Cannabis Use, Impact and Support - Students Attending Alternative Provision

  • Joseph Humphreys

Student thesis: Doctor of Educational and Child Psychology

Abstract

Regular adolescent cannabis use (CU) has a variety of negative effects on young people's mental health and educational outcomes. Cannabis is the most widely used illicit drug by adolescents with higher levels of use in alternative provision (AP) compared to mainstream schools. CU motives predict frequency of adolescent CU and negative consequences associated with use. Motive identification is therefore important to support adolescents to manage their CU. The views of young people should also inform interventions and reflects recommended practice connected to effective support. However, views of AP students in relation to their motives to use cannabis, the impact of cannabis on mental health and education, and effective CU support are seldom profiled in research. A systematic literature review explored the relationship between adolescent CU motives and frequency of use and negative consequences. An empirical paper investigated the views of AP students in relation to CU and its impact on mental health and education. The paper also focused on what AP students perceive to be effective in supporting CU. The systematic literature review (SLR) revealed that CU motives are relevant to understanding adolescent CU frequency and negative consequences. Furthermore, motives not included previously in long-established motivational models may provide an improved understanding of adolescent CU and negative consequences. In line with the SLR findings, enhancement and coping motives were significant; conformity motives were less significant than expected. Cannabis was perceived to negatively affect memory, but was not perceived to impact concentration or to affect school attendance. The support of trusted adults was valued to manage CU. Findings reflect previous research into adolescent CU motives, and the positive impact of school connectedness on student CU. Recommendations include early intervention for high-risk youth based on accurate identification of CU motives. Staff should focus on building trusting relationships with students as a platform to support the management of adolescent CU. This should be done in concert with measures that can alleviate the community deficits often experienced by AP students. Having explored evidence-based practice and practice-based evidence, paper three discusses the implications for the research on policy and practice. It also includes a strategy for promoting and evaluating the dissemination and impact of the research.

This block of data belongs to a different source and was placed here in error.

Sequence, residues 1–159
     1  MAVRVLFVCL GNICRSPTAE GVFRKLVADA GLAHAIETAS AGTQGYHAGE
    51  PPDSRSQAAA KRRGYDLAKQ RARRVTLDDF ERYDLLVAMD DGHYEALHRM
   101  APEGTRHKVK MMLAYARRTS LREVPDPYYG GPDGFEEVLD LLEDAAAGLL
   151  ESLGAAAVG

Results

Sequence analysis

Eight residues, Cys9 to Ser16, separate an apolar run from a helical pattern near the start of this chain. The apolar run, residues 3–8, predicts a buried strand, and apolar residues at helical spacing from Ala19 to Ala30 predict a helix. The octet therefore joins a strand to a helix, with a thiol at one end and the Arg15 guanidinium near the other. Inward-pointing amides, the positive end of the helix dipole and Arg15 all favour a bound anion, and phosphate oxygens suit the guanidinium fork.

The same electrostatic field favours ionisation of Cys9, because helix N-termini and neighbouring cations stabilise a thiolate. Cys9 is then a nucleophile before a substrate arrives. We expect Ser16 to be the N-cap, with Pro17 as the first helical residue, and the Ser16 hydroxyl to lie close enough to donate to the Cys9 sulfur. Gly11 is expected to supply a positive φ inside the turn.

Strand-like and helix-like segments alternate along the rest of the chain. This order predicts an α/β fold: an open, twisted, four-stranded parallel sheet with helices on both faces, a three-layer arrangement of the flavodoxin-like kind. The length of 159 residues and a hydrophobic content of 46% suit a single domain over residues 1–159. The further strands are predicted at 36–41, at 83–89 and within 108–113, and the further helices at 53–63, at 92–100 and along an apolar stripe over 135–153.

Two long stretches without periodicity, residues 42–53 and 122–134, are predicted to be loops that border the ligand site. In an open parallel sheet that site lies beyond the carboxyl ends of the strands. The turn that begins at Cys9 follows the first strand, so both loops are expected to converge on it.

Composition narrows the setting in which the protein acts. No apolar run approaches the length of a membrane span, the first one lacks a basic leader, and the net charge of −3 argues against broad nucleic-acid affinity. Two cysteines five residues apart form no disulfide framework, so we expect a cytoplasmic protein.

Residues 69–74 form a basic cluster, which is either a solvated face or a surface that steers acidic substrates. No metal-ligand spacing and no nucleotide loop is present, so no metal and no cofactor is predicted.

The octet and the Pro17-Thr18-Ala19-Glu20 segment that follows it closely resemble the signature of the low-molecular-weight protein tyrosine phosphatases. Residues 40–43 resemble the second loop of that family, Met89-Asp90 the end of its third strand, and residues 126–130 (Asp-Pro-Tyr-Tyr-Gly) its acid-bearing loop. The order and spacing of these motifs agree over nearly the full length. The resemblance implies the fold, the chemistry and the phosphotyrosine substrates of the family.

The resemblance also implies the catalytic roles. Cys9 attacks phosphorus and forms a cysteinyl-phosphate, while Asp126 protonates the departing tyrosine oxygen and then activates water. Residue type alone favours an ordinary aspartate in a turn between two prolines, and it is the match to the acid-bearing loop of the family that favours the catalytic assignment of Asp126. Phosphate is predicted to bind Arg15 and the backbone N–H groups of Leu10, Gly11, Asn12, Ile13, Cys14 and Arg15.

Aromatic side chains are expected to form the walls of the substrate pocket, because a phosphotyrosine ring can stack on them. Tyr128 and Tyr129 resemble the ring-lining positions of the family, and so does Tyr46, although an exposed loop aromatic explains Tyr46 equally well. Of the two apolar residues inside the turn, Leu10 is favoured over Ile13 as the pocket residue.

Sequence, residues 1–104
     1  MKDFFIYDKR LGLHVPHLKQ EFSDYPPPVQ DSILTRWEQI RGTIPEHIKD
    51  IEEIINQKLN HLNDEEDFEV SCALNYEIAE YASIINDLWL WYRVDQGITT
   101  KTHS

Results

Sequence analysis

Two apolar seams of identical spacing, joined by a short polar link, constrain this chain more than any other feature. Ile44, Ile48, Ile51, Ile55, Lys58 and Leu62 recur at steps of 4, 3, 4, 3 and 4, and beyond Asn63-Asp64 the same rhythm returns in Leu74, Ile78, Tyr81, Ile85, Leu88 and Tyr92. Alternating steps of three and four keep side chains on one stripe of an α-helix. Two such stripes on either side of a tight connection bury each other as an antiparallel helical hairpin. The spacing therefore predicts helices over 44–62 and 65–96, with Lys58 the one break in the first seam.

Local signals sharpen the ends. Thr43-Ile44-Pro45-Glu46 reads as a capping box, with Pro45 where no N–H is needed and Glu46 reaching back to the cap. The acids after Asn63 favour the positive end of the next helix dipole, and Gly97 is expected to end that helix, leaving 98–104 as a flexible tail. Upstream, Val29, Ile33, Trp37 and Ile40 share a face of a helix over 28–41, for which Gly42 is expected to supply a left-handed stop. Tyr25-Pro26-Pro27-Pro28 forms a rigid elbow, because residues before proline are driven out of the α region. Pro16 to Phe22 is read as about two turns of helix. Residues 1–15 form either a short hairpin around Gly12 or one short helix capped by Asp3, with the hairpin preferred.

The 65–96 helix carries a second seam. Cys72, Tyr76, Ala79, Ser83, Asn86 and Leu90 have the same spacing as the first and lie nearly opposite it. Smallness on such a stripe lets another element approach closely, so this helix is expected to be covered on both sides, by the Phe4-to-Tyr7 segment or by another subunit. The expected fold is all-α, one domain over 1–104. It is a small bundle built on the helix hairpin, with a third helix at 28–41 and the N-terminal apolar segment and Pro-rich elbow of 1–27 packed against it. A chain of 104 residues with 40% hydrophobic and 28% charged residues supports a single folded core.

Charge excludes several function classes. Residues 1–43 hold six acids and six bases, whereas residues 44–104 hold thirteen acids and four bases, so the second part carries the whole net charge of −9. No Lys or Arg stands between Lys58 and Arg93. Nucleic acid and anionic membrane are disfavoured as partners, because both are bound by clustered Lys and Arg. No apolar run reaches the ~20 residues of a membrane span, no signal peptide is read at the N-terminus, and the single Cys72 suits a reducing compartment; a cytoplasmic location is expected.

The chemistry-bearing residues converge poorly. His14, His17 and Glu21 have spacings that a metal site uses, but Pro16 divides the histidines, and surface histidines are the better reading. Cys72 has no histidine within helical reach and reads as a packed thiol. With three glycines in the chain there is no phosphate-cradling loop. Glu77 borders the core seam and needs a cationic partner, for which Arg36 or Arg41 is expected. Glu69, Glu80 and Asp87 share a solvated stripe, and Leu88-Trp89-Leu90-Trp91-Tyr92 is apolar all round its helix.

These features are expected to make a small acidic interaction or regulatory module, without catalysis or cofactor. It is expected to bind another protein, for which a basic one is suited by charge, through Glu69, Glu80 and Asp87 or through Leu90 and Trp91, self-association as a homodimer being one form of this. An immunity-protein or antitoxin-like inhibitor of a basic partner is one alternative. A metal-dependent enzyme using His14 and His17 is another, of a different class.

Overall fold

Date of Award31 Dec 2022
Original languageEnglish
Awarding Institution
  • The University of Manchester
SupervisorCatharine Atkinson (Supervisor) & Catherine Kelly (Supervisor)

Cite this

'